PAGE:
Friday, December 10, 2010

Pollard v. The GEO Group (9th Cir. - Dec. 10, 2010)

Judge Bea understands how difficult it is sometimes to come up with the first paragraph of a petition for certiorari.  So he helps the defendants through their anticipated writer's block by writing it for them in this dissent from the denial of a rehearing en banc.  The first paragraph of which reads:

"The panel majority—over a vigorous dissent by Chief Judge Restani of the Court of International Trade—extends and grants a Bivens claim to a prisoner against private company prison guards who are unprotected by notions of qualified immunity, available only to government employees.  It does so for personal injury claims between California litigants, for acts and omissions which took place in California, and for which California tort law provides adequate remedies through compensatory and punitive damages. In doing so, the panel majority frankly admits its opinion creates an irreconcilable conflict with the decisions of two federal circuits, the Fourth and Eleventh. Further, it disregards the Supreme Court’s narrowing instructions on Bivens, which have limited recognition of new Bivens actions to those situations where, for one reason or another, damages were unavailable under both state and federal law. [S]uch an unprecedented opinion demands further review. . . ."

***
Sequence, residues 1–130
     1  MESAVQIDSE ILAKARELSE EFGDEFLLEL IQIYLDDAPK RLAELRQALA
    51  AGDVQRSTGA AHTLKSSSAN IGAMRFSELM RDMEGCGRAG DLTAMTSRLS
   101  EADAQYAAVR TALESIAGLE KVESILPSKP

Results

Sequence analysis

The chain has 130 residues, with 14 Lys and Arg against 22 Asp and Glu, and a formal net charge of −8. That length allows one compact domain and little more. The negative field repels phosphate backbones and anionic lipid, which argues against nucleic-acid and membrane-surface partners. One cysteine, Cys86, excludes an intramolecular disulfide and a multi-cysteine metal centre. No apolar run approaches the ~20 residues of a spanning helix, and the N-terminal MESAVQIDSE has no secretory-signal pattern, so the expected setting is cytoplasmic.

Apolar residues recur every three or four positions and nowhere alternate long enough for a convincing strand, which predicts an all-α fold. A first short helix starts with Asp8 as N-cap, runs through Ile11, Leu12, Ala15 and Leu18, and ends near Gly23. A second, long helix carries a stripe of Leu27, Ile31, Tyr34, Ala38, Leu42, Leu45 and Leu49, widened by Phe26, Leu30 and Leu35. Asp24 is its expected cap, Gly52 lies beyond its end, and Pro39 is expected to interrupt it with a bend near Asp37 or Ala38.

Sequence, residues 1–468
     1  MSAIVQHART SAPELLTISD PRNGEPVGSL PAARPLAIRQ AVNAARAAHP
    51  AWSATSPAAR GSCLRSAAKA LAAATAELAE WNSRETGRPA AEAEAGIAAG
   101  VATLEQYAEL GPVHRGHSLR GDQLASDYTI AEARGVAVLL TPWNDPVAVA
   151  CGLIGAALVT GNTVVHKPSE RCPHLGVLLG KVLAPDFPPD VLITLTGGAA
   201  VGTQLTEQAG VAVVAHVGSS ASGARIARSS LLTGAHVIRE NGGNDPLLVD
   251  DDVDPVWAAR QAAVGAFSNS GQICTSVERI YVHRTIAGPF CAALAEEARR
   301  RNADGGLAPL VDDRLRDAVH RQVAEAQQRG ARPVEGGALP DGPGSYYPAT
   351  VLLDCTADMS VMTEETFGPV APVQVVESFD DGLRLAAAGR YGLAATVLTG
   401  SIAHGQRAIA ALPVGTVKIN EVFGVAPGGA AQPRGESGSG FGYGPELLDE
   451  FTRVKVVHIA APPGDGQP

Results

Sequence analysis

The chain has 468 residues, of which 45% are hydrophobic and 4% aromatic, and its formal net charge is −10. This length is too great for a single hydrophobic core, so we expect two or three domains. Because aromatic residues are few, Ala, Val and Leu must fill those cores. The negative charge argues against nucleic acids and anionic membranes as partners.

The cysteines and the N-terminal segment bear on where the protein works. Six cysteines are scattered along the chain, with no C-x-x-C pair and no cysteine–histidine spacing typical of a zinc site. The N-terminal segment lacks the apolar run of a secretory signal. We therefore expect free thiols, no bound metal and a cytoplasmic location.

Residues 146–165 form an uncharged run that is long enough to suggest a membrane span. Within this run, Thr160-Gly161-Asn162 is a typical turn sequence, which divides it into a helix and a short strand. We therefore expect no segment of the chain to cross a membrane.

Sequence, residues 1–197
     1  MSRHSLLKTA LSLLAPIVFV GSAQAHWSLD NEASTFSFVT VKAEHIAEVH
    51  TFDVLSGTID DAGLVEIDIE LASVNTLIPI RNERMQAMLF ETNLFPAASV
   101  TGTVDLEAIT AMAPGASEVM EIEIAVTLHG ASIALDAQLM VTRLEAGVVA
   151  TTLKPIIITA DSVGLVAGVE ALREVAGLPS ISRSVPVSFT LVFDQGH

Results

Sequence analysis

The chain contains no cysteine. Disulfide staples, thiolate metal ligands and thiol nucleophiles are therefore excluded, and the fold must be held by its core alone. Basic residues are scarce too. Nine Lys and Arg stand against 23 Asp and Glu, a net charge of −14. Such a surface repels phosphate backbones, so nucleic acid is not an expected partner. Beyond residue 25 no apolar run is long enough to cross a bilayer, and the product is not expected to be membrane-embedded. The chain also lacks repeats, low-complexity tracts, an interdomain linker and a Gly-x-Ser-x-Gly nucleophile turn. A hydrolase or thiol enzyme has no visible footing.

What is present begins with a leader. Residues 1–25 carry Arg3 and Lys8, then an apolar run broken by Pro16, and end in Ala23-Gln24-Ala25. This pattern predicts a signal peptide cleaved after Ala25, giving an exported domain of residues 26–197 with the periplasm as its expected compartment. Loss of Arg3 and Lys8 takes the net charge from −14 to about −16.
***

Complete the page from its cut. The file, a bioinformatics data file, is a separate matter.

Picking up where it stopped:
Don't be surprised if you see that same first paragraph as the first paragraph of defendant's petition for certiorari.  It'd be mine.